Monday, August 16, 2021

440 Edmonton Street - Parkview Place / Central Park Lodge

 © 2021, Christian Cassidy

Place: Central Park Lodge (renamed Parkview Place ca. 2007)
Address: 440 Edmonton Street
Opened: October 1, 1964
Architect: Alan Waisman of Waisman Ross

Note: The owners of Parkview Place announced that they will close the seniors’ home overlooking Central Park after controversies about its condition and level of care during the COVID outbreak of 2020. Here’s a look back at the history of what was originally called Central Park Lodge.

An early view of Central Park (source)

The post-war residential development of Winnipeg’s suburbs brought about a rapid decline in the fortunes of many core area neighbourhoods as middle-class families vacated the area. The demand for these large, family homes and luxury apartments plummeted as did their value. In many cases, investors bought them for a fraction of their worth and subdivided them into smaller units or rooming houses. 

The Central Park neighbourhood was one of the hardest hit and by 1960 was a shadow of its former self. When the large-scale, inner city redevelopment schemes tried in the U.S. and Eastern Canada reached Winnipeg in the early 1960s, the Central Park neighbourhood was a perfect place for developers to start.

Three large projects were announced in 1963 by a development consortium called Central Park Enterprises Ltd. that had a 15-year, $25 million plan to turn Winnipeg's Central Park into a major urban attraction.

First to get underway was the 21-storey Regency Towers, (now called 411 Cumberland), thought to be the largest apartment block in Canada when it was first proposed. Next was the 13-storey "retirement hotel" called Central Park Lodge on Edmonton Street. A planned 110-room hotel at Cumberland and Balmoral to be operated by Ramada Inns did not materialize.

Under construction in December 1963. (Tribune Photo Archives)

Designed by local architect Alan Waisman of Waisman Ross, Central Park Lodge's 12 residential floors held about 250 suites or 285 residents. On the main floor was a dining hall, recreation facility, physiotherapy room, and a nursing station.

The retirement hotel model provided small, fully furnished, rooms for rent with a central kitchenette and lounge on each floor. Residents could choose between "ultra modern French Provincial" or Swedish furniture for their surroundings.

Rents started at $195 per month going up to $285 for "deluxe suites" on the top two floors. The rent included meals, daily maid service, laundry service, and minor nursing care. The all-inclusive rates were not cheap and meant to attract middle-class seniors.

Walter Steininger in 1969, (U of M Digital Collections)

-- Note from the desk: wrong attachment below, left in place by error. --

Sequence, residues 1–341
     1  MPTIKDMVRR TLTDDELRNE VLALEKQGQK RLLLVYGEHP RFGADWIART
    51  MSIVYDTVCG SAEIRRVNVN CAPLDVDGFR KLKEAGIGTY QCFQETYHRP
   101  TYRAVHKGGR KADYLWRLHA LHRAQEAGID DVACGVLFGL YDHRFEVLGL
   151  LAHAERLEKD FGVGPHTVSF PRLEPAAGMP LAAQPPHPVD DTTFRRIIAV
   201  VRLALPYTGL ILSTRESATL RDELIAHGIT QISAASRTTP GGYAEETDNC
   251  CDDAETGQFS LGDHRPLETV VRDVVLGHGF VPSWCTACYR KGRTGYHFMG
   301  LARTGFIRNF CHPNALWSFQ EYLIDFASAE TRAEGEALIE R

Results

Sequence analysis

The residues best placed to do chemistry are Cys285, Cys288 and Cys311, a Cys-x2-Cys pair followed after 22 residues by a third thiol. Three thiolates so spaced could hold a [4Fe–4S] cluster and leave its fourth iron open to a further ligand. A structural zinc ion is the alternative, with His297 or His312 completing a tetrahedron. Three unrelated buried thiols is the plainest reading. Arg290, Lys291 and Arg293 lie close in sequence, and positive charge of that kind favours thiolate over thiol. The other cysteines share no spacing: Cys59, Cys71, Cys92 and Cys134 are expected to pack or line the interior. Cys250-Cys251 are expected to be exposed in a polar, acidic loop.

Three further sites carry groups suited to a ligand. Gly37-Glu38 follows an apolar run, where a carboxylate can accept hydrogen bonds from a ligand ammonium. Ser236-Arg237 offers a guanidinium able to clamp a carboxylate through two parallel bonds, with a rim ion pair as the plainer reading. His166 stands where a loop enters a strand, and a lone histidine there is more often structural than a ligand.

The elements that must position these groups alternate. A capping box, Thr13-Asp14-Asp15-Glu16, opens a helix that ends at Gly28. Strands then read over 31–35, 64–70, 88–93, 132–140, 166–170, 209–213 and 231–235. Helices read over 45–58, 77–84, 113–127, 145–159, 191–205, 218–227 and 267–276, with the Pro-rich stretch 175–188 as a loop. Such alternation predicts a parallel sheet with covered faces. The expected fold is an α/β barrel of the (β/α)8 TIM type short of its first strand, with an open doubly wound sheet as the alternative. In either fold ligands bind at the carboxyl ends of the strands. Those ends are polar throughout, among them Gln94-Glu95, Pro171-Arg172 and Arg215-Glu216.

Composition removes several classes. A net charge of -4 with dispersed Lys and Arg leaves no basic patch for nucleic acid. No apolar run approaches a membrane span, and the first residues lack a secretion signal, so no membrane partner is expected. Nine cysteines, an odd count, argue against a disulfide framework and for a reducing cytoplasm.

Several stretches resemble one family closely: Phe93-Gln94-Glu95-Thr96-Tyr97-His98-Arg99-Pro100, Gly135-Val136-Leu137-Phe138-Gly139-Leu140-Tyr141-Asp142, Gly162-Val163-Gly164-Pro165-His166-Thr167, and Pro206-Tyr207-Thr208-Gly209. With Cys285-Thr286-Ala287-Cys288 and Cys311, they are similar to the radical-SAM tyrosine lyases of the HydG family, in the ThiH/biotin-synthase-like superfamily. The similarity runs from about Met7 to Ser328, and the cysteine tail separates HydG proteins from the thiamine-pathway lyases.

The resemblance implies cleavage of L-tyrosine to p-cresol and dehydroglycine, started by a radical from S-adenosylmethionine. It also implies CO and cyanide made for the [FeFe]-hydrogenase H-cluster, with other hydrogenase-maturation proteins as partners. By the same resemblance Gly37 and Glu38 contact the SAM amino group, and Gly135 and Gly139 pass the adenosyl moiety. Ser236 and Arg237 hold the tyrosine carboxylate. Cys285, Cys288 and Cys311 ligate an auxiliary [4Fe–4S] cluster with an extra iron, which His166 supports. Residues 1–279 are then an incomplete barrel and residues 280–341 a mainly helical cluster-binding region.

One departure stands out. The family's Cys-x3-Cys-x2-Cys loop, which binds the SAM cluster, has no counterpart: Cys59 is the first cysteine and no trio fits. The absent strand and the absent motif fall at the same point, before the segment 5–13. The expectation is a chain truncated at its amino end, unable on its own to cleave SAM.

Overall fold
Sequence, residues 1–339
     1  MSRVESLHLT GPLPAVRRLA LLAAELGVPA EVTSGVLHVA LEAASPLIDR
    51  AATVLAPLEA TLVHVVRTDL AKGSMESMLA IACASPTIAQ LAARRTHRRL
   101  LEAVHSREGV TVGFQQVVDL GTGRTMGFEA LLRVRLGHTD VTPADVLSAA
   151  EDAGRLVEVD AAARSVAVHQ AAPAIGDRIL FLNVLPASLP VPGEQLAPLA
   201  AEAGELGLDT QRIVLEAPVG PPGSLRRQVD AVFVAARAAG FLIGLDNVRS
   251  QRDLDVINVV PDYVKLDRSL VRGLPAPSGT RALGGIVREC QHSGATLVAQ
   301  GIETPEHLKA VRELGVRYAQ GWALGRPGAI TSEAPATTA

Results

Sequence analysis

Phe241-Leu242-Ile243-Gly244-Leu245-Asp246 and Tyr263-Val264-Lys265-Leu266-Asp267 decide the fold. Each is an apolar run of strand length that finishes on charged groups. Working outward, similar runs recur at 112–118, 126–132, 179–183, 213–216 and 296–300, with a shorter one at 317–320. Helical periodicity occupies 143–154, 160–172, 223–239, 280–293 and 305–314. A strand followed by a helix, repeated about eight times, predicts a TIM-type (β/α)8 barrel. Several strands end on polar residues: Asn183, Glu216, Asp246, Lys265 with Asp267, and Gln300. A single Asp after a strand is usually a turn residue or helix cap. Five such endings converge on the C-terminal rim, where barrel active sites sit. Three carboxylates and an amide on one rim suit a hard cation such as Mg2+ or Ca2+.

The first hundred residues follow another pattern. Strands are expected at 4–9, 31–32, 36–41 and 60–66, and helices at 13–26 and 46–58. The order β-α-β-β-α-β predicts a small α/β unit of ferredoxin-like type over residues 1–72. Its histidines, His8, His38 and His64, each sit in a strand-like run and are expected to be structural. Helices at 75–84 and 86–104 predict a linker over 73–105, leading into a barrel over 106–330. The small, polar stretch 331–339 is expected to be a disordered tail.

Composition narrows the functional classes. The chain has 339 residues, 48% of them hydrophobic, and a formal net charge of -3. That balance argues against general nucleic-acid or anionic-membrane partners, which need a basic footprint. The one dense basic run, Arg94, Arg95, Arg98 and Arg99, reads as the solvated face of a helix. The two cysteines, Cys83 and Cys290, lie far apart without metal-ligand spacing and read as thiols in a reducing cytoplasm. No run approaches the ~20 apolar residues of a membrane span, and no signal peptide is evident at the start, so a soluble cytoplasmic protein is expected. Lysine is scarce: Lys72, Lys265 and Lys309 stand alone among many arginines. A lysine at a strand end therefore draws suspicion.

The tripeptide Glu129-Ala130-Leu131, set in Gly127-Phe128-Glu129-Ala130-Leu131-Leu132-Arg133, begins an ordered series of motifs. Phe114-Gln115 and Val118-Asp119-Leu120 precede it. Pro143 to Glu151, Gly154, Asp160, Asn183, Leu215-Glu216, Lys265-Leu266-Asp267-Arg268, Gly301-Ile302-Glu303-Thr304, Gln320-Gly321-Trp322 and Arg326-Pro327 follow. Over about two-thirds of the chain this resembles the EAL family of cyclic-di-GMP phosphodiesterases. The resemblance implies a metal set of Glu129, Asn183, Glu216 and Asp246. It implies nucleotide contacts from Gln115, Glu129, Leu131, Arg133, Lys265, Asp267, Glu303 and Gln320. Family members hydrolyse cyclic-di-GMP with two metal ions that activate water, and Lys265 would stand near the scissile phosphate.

The concept of the retirement hotel was that of Walter Steininger, the former head of geriatric care for the Saskatchewan government. He saw that all of the housing being built for seniors or the disabled at the time was geared to lower income individuals, (universal funding for seniors / nursing home care did not come into effect until July 1, 1973.)

This meant that those in the middle class had to stay in their homes or move to older apartment blocks or rooming houses that didn't suit their needs as they began having mobility issues or needed regular minor medical care. They were isolated and vulnerable to injuries such as falling down stairs.

Central Park Lodge Ltd. was created in 1962 by Steininger and built a prototype in Regina. The company then approached Trizec Corporation, the giant Montreal-based construction company that would eventually redevelop Portage and Main with its Trizec building and Winnipeg Square, seeking a partnership. With Trizec's capital behind it, Central Park Lodge Ltd. had 20 lodges in operation across the country worth $40 million by the end of 1969. (They built a second lodge in Winnipeg, on Poseidon Bay, and one in downtown Brandon.)

Steininger was based in Winnipeg as vice-president of Central Park Lodges Ltd. and was an advocate for seniors care at all levels, speaking out publicly about conditions like dementia and the vulnerability of the elderly.

September 30, 1964, Winnipeg Tribune

Construction began on Central Park Lodge in the spring of 1963 after the demolition of a number of homes on the site, (the under construction photo above shows houses on either side of it.)

The building opened on October 1, 1964 and in the first month 53 people, only eight of them men, moved in. It was touted as the first retirement hotel in Canada with ones in Calgary and Thunder Bay under construction.

Steininger left the company to go back to work for the Saskatchewan government in 1971. Central Park Lodges, the largest private provider of seniors care in North America, continued on as a subsidiary of Trizec and the Reichmann family. By the 2000s, the company operated as many as eight seniors' facilities in Manitoba alone.

In 2001, Central Park Lodges was made into a trust that was controlled by the Reichmann family. In 2006, the Public Sector Pension Investment Board, a federal Crown corporation, began purchasing its shares and by 2007 was the sole owner, (source), and the company name was changed to Revera Inc..

June 26, 1967, Winnipeg Tribune

The announcement of the closing of Parkview Place, the new name given to the building by Revera, comes on the heels of complaints about conditions, such as a cockroach infestations and an outbreak of COVID 19 that left 29 residents dead.

Due to the nature of the building, with its tiny, hotel-style rooms and poured concrete walls, the company says that "...its outdated design and layout is no longer conducive to the care of elderly residents" and that renovations are not possible.

Parkview Place will close by August 2022.

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